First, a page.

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It is not a key exchange issue. With SOAP, you can easily separate
routing information and data so that you can encrypt head and body
elements independently, REST does not. Cool thing about SOAP approach
is that you can sign with multiple keys so that no only routers don't
know about the content, routers themselves don't know where it will
eventually end up.
If you do come up with some standard structure to do the same in REST,
you are basically reinventing SOAP.
A side note: Security and high availability often don't mix at web
server level because you often can't afford to add crypto hardware to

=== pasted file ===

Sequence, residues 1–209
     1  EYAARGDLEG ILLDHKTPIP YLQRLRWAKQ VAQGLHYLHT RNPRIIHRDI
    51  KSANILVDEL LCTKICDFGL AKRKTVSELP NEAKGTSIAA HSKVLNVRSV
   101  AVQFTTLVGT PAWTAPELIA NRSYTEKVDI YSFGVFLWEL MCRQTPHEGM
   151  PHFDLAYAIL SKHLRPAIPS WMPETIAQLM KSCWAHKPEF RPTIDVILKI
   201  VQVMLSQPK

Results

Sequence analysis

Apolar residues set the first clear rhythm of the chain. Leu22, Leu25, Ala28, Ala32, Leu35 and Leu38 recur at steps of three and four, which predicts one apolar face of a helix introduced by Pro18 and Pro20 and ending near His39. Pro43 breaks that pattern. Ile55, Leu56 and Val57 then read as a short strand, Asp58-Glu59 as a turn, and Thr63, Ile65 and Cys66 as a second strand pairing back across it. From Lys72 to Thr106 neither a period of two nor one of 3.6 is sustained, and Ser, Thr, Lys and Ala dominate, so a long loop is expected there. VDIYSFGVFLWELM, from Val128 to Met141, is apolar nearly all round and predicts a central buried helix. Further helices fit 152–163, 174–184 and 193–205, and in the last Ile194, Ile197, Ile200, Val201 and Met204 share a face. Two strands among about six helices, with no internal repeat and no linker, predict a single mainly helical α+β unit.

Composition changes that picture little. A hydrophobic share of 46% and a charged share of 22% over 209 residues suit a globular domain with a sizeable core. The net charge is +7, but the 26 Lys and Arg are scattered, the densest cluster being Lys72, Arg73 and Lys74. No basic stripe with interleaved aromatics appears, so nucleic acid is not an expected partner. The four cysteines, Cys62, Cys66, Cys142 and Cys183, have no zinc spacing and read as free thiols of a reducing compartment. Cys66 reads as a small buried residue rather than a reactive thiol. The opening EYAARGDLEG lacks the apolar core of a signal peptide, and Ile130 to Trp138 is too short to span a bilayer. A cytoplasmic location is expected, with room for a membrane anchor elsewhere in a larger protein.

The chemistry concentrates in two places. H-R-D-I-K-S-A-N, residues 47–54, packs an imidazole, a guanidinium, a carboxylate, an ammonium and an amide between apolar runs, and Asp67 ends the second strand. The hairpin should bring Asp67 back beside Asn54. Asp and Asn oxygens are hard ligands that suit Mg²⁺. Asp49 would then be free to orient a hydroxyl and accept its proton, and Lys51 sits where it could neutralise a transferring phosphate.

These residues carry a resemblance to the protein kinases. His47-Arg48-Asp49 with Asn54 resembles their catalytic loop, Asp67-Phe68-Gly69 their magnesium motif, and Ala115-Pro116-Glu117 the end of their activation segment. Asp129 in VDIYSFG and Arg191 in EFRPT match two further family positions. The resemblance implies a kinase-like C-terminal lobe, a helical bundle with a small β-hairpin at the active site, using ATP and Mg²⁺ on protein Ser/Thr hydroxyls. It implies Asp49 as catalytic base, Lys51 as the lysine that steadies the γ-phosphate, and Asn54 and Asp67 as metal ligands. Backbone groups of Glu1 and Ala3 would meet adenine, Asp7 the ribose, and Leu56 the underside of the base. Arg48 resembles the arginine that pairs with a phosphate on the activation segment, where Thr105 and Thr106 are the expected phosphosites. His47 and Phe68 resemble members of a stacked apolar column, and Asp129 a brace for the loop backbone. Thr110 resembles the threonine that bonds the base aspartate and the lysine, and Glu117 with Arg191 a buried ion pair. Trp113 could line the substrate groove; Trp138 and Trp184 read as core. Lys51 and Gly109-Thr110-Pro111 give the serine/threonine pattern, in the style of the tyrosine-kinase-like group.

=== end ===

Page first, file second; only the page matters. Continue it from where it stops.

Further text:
every web server in a large web farm. Doing it at application server
level makes more sense in most applications.
> Why isn't it a RESTful solution to have the client encrypt
> the data (using an applet on the original page, or some
> (encoded in base64 if necessary) to the HTTP server? Only the
> backend program (running inside the firewall perhaps on a different
> machine) would know how to decrypt the POSTed data. It could
> still return a URL representing the resulting resource, etc.
> I think this handles both the wire security and web server
> security issues. There is then some kind of key exchange
> issue, presumably with some standard solution, as long as
> there is one which does not require the program which
> eventually decrypts the data to call back to the encrypting
> program. It should be clear that I'm speculating, not
> speaking from authoritative knowledge, here!